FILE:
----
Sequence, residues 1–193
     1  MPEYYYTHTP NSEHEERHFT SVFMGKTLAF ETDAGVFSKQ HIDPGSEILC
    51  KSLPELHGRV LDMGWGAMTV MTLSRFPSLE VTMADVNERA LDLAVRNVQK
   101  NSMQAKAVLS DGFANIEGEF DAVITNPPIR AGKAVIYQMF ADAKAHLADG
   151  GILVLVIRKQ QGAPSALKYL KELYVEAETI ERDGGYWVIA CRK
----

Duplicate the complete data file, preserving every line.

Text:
Sequence, residues 1–193
     1  MPEYYYTHTP NSEHEERHFT SVFMGKTLAF ETDAGVFSKQ HIDPGSEILC
    51  KSLPELHGRV LDMGWGAMTV MTLSRFPSLE VTMADVNERA LDLAVRNVQK
   101  NSMQAKAVLS DGFANIEGEF DAVITNPPIR AGKAVIYQMF ADAKAHLADG
   151  GILVLVIRKQ QGAPSALKYL KELYVEAETI ERDGGYWVIA CRK